draft
Emiliania huxleyi CCMP1516 main genome assembly v1.0
Photo:Dr. Jeremy R. Young
Palaeontology Dept.
The Natural History Museum
LONDON, SW7 5BD, UK

Coccolithophores are marine haptophytes that derive their name from the calcium carbonate coccoliths that blanket the cell. They extend deep into the tree of life and represent the third most abundant group of phytoplankton in today’s oceans with some 300 different species. The morphological diversity of their coccoliths is preserved in a continuous and complete fossil record spanning the last 200 Myr, and represents an important tool for dating and correlating strata, reconstructing past climate and oceanic conditions, and dissecting patterns of macroevolution.

Emiliania huxleyi (E. huxleyi) is the most prominent coccolithophore and has attracted the attention of scientists from fields as diverse as geology, biogeography, paleoclimatology, ecophysiology, material science, and medicine. E. huxleyi is distributed throughout the world’s oceans and is linked to the chemical balance between the atmosphere, hydrosphere, and geosphere. Massive blooms of the algae can cover 100,000s of square kilometers and can be detected via satellite imagery due to the reflective properties of its coccoliths. Because of its ecological success and its ability to fix inorganic carbon into both photosynthetic and biomineralized product, E. huxleyi has significantly impacted the biogeochemistry of the earth directing carbonate chemistry in surface oceans and exporting large amounts of C to deep water sediments. In addition to playing an important role in global carbon cycling, E. huxleyi also contributes to global sulfur cycling. During grazing E. huxleyi produces the climatically active trace gas dimethyl sulfide; emissions of which may contribute to marine cloud formation and climate regulation.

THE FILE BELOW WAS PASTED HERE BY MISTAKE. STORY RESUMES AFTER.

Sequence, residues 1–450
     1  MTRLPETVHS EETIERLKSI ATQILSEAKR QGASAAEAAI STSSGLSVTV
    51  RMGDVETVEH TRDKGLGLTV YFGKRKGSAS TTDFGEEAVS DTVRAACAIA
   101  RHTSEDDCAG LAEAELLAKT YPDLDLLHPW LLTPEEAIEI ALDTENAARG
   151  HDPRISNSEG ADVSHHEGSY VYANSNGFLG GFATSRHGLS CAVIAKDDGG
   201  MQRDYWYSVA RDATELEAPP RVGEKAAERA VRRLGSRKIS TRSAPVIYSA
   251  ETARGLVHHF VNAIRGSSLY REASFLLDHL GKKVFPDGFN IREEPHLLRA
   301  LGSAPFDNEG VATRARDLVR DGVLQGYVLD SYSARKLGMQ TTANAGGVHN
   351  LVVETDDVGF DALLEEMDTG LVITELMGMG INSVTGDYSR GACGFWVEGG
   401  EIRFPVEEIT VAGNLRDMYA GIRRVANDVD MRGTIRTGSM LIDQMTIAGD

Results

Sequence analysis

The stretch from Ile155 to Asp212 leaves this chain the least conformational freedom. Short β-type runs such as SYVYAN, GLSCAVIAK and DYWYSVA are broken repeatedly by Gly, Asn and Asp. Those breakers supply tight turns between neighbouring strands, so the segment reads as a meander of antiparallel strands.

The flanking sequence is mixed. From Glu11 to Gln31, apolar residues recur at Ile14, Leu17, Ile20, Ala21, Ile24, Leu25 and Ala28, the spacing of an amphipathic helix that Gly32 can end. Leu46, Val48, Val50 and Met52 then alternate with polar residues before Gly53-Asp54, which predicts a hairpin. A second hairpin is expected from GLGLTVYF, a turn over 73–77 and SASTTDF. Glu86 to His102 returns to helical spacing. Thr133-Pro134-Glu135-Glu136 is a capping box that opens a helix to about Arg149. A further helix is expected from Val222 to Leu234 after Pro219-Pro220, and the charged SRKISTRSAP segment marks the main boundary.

E. huxleyi is also of interest to those in biotechnology. A group of secondary metabolites known as polyketides that E. huxleyi synthesizes possess a wealth of pharmacologically important activities, including antimicrobial, antifungal, antiparasitic, antitumor and agrochemical properties. The ultrastructure and optical features of the coccoliths, on the other hand, are being targeted for applications in nanotechnology relating to biomedical, telecommunications and optoelectronic devices and/or materials.

References

Pan genome of the phytoplankton Emiliania underpins its global distribution.
Read BA, Kegel J, Klute MJ, Kuo A, Lefebvre SC, Maumus F, Mayer C, Miller J, Monier A, Salamov A, Young J, Aguilar M, Claverie JM, Frickenhaus S, Gonzalez K, Herman EK, Lin YC, Napier J, Ogata H, Sarno AF, Shmutz J, Schroeder D, de Vargas C, Verret F, von Dassow P, Valentin K, Van de Peer Y, Wheeler G; Emiliania huxleyi Annotation Consortium, Dacks JB, Delwiche CF, Dyhrman ST, Glöckner G, John U, Richards T, Worden AZ, Zhang X, Grigoriev IV. (2013)
Nature. 499(7457):209-13